From: Christophe Meessen (christophe_at_[hidden])
Date: 2004-04-19 08:20:31
regarding thread local storage we have come up with a different
perspective of the problem.
First we where not very happy with boost threads because it requires a
copy of the functor object. This does not allow to put non copyable
object as member variables of the functor object. Knowing that mutex are
none copyable objects, for good reasons, one understand that this API is
far too constraining. I guess such design choices was driven by the
requirement that the functor object lifetime is tighlty linked to the
The join function is also too limited synchronization mechanism. And
finally we where also not happy with the thread local storage approach.
We seeked a design which was simple and could provide a satisfying
solution for all these aspects and we came up with the following design.
We chose the start&run model used in many thread API because it allows
to initialize the thread object before it is started and collect result
after the thread terminated.
The thread object is the obvious place to use as thread local storage.
This is because stored data is explicitely defined and its use is
statically checked. It is also automatically destroyed with the thread
object is destroyed.
Thread objects are dynamically allocated and referenced through
intrusive pointer. Thus thread objects can have none copyable member
variables and getting out of scope doesn't destroy the thread object.
The thread object life time is controlled through an intrusive smart
pointer. When the internal thread main function start it instantiate a
smart pointer on itself as local variable. Then it calls the virtual run
by changing the 'this' context to the objects context. In the run
method users have access to the thread object member variables and methods.
When the thread main function terminate normally or because of an
exception, the smart pointer is destroyed. If there is no other
reference to the thread object, it is then deleted and all its local
storage information with it.
In the thread local storage managed by the system/pthread we only store
a pointer to the thread object. This is to allow to get access to the
thread object from anywhere in the code. This is equivalent of the this
variable for objects but for threads. Thus the thread class has a static
self() method returning a reference on the current thread object.
For dynamically storage, one can add a map to the thread object. The
user can pick the key and value types which are the most appropriate for
his needs. The map will be automatically destroyed when the thread
object is destroyed.
A default thread object will be provided to support classical C function
or functor calls. But the basic underlying model is to use a thread object.
It also to be noted that boost thread implementation would start the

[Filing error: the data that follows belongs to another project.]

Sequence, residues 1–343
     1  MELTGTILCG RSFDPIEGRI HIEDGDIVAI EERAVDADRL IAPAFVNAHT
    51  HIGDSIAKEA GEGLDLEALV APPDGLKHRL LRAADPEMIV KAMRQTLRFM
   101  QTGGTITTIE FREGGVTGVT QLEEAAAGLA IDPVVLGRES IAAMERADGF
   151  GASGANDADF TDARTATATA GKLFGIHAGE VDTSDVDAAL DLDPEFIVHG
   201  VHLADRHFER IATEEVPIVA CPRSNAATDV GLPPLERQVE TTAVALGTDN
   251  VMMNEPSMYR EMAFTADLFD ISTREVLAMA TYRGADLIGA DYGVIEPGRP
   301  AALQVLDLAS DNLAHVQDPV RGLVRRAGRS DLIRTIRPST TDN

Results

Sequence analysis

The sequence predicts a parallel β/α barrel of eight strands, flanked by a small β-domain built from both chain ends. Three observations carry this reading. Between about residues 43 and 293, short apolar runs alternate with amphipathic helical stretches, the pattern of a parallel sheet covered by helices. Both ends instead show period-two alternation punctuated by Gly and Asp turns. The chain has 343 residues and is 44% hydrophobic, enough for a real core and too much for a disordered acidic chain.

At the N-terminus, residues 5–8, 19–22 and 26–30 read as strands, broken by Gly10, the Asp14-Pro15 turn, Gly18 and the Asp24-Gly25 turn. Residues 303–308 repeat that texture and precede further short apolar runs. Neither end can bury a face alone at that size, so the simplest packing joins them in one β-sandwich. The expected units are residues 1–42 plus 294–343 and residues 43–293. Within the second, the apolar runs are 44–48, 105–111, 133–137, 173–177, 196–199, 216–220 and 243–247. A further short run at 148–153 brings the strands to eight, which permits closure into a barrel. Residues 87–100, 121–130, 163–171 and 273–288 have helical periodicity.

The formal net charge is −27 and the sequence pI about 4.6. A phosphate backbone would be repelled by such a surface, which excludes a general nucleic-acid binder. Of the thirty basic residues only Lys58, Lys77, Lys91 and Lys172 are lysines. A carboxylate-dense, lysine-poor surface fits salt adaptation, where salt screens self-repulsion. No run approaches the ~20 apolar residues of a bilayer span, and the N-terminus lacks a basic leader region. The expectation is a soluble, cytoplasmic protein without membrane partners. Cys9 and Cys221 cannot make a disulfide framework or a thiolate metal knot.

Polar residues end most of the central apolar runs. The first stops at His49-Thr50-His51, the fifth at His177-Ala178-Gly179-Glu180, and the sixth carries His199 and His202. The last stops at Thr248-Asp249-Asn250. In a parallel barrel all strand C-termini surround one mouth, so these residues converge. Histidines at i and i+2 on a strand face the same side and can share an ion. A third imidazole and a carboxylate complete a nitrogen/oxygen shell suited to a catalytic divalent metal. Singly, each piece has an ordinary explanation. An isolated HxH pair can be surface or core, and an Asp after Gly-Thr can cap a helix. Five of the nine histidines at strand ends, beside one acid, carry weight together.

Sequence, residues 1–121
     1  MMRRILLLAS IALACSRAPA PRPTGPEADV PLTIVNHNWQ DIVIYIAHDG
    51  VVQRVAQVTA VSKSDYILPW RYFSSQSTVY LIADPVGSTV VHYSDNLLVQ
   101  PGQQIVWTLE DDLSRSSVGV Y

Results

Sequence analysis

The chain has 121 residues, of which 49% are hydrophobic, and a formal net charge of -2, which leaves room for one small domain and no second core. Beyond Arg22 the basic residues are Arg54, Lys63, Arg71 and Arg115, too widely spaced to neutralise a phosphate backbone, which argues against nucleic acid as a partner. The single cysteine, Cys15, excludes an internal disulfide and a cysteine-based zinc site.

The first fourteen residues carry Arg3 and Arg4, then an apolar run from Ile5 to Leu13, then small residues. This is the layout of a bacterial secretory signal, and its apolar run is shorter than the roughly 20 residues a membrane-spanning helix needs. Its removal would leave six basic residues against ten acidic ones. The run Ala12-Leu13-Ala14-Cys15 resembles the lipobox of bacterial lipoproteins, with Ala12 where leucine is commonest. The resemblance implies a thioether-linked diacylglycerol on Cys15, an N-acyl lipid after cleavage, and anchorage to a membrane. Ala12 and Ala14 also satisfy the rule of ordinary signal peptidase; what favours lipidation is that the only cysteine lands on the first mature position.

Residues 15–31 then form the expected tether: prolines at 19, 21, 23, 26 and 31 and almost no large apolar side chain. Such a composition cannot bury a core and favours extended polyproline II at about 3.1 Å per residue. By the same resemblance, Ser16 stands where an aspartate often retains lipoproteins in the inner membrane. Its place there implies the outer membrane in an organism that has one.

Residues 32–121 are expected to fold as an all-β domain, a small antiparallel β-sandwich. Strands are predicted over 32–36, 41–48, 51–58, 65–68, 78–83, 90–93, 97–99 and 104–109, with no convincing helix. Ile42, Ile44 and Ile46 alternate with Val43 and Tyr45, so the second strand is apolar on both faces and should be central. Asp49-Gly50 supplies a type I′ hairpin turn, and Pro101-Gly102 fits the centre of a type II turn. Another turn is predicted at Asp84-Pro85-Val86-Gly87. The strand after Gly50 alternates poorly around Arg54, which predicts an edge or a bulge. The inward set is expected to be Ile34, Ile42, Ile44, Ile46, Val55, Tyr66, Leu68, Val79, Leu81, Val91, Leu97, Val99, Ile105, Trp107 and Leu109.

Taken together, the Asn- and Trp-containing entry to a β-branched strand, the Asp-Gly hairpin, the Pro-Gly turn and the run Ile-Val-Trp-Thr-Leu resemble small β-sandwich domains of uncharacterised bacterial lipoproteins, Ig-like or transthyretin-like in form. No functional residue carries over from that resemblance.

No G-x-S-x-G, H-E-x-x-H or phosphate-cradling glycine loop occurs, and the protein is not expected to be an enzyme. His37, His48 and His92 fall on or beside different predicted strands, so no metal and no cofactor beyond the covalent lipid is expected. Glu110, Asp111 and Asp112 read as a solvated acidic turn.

thread before the boost thread object instantiation would complete.
Such constrains should not be imposed to the users. There is thus a need
to know when a thread has started and when it has terminated. When the
start call completes, it doesn't mean the thread has already started.
This is reflected by a state variable that would also specify if the
thread terminated normally or was aborted because of an exception or
cancelled (which should also use the exception model).
Regarding synhcronization we have also made a slight move away from
boost API which was aslo the best seen so far. We make a distinction
between locks and latch.
A lock has no method. When it is constructed it immediately attempts to
lock the mutex, and the destructor release the mutex. Thus when a lock
is instantiated, the mutex can be assumed to be locked by the thread who
performed the instantiation on its call stack.
When a latch is instantiated, the mutex is not locked. The following
methods lock, unlock, try_lock and timed_lock are used to control the
referenced mutex. When a latch variable is destroyed it automatically
unlock the mutex if it was currently locking it.
We believe there was a possible confusion in the initial lock state of
boost locks. It is not orthogonal. We also beleived there was a
performance penalty by not providing atomic lock object. The lock and
latch are encapsulated classes of mutexes. And we would by default
support two kinds of mutexes, classical pthread mutex and spin lock
mutexes. Spin lock mutexes would support locks and not latch locks. spin
locks would be used to serialize access to shared resources like smart
pointer counters, monitoring variables etc. We also droped the "scoped_"
in front of the lock class name because it is implicit, standard and
shortens the name.
-- Bien cordialement, Ch. Meessen
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